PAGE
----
His projects have won awards from ASLA, AIA, Ahwahnee and GSA. He holds degrees from Utah State University and a certificate in project management from George Washington University.
Roland Lewis, Executive Director Metropolitan Waterfront Alliance, New York, New York
A lifetime New Yorker, Roland Lewis has worked in the field of community development since 1984. A graduate of Columbia University, he then went on to earn both a Master of City and Regional Planning and a Juris Doctor from Rutgers University. For nine years he served as a partner in the law firm of Dellapa, Lewis, and Perseo, whose clients included nonprofit organizations, civic groups, churches, cooperative corporations, and private real estate developers.
In 1997 Roland became the executive director of Habitat for Humanity New York City. He led the organization for 10 years, guiding it to become one of the top producers in the region and a nationally emulated model for Habitat for Humanity locations in other urban settings.
In early 2007, Roland took the helm of the Waterfront Alliance. Under his leadership, the Waterfront Alliance has organized a powerful constituency for a better waterfront. It has instituted new programs, initiated and helped create a new waterfront plan for the City of New York, and become the leading waterfront policy organization in the New York region, known nationally and internationally.
Kathy O. Wine, Executive Director, River Action
Founded River Action in l985 as one of the organization’s three co-directors, became its Executive Director ten years later, and holds that position today. During that time River Action has led the lighting of the Centennial Bridge, the QC Waterfront Master Plan, The Nahant Marsh Master Plan, the Mississippi River Design Principles, the QC Water Taxi Project, and an annual festival Ride the River, a 16-60 mile riverfront bike ride in nine cities and two states.
The RiverWay Project, begun in l996, has raised over $9 million for trail improvements, public art projects on the river, river education, wetland restoration, and storm drain and clean water programs. Working with thirteen communities, River Action coordinated the Quad City area in the American Heritage Rivers program for the Upper Mississippi, the Grand Excursion 2004, the Mississippi River Trail, the Board of the Waterfront Center, the Retain the Rain conservation program, Explore the River Education Series, RiverWay celebrations of life on the Mississippi, Taming of the Slough Adventure Race, the annual Upper Mississippi River Conference: Water, Land and Life: Connections and Opportunities, The Upper Mississippi River Grantwriters’ Panel, QC Water Trails, QC Wild Places, and Floatzilla, an attempt to break the world record for a canoe/kayak float. Recently, River Action launched the First Bridge campaign to build a bike/pedestrian bridge, a replica of the first railroad bridge across the Mississippi.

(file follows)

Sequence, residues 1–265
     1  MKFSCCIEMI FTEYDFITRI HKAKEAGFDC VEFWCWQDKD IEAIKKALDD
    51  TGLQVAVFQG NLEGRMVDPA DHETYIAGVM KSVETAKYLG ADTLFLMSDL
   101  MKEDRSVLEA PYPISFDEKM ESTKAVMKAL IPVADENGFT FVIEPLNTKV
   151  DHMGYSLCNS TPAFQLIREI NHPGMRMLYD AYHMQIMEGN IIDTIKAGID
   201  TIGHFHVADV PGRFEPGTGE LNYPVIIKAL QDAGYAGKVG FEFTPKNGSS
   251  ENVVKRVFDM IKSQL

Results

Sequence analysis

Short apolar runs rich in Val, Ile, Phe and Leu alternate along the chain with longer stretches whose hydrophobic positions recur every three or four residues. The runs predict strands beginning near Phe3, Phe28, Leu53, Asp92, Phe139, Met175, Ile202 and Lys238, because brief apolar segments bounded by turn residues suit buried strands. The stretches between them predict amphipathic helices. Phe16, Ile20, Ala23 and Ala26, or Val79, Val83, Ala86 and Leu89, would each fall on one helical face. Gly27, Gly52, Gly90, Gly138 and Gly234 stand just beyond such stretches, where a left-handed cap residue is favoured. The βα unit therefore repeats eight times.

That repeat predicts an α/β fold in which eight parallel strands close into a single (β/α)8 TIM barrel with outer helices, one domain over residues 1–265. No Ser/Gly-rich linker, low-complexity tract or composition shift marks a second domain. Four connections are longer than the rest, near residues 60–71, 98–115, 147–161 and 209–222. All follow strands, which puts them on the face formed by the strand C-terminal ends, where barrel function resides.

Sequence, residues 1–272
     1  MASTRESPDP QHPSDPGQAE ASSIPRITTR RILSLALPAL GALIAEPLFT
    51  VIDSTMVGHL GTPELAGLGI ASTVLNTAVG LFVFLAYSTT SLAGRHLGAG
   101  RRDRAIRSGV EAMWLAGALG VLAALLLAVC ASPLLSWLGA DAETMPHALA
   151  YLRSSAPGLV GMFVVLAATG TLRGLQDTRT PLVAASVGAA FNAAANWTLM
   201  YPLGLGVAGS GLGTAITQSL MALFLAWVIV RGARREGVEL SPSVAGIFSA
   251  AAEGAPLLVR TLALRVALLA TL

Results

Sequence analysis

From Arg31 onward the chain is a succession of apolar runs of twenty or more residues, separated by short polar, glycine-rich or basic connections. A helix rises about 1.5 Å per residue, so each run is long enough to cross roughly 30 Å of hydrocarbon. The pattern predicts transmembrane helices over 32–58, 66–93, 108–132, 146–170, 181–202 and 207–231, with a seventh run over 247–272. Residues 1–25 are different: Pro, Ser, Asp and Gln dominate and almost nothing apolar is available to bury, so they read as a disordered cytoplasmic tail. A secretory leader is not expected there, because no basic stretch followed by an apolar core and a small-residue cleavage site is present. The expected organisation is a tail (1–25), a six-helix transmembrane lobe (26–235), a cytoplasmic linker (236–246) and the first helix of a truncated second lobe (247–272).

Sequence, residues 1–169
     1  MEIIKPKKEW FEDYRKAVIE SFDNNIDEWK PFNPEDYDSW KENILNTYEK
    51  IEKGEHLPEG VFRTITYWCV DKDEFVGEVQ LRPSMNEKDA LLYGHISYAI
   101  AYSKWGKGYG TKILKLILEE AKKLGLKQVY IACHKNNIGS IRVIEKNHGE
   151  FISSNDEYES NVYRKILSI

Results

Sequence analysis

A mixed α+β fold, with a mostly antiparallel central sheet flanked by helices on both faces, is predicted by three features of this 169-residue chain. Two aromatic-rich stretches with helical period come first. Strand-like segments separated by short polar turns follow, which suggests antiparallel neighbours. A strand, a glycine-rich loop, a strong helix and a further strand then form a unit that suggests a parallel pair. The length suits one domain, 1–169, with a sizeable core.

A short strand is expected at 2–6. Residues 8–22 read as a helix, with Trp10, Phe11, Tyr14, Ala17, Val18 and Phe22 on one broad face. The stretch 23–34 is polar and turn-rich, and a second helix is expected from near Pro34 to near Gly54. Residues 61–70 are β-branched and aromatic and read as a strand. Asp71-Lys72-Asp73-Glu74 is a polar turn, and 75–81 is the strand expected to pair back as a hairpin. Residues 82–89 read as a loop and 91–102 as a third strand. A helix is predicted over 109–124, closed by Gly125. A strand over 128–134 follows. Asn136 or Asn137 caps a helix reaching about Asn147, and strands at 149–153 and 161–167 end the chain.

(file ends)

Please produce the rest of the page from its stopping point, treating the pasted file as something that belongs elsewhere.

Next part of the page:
A native of Iowa, Ms. Wine has lived in the Quad Cities for more than 50 years. She holds a Bachelor of Fine Arts degree from Drake University.
Jim Cherry, retired area manager, Bureau of Reclamation, Yuma, Arizona
Jim Cherry’s interest in and passion for water management was spurred by the six years he spent in the Peace Corps working on water projects involving irrigation in the Atacama and Sahara deserts and in Sri Lanka.
Jim then joined the Bureau of Reclamation and spent the next 35 years working on water programs on the Lower Colorado River, including as:
- Bureau of Reclamation Deputy Area Manager of the dams on the Lower Colorado River (Hoover Dam, Davis Dam and Parker Dam)
- Chief of Operation and Maintenance of the Colorado River from Nevada to Mexico
- Chief of Dredging on the Colorado River removing sediment in backwaters and the main stem river for continuous flow of water.
- Project Engineer for the on-farm water conservation program in the Wellton-Mohawk Irrigation and Drainage District. This program was the first to use laser land leveling to improve the water use efficiency on farm.
From 1999-2008, Jim served as the Area Manager of Reclamations’ Yuma, AZ office. He guided the test reactivation of the world’s largest reverse osmosis desalinization plant, the Yuma Desalting Plant, which had been dormant for 20 years. He oversaw the Water Quality Improvement Center, one of five national desalinization research centers in the U.S . He brought focus to the Yuma basin groundwater issues by benchmarking the operation and management the Yuma area wells with all the major well field operations from Fresno, CA to San Antonio, TX (11 participants in all). This led to an installation of a SCADA system for improved groundwater management.
His work experience on the Colorado River has covered the whole spectrum of water delivery from the upstream storage reservoir Lake Mead to delivering water on-farm to irrigate crops. He also managed more than one hundred projects requiring NEPA compliance and 404 Clean Water Act permits. Since retirement Jim has formed his own company ‘Cherry Water Management’ where he has been pursuing a project that provides a long-term water source for an upstream user while helping make farming sustainable in the long run in the Yuma Valley.
Jim holds a B.S. degree from Michigan State University.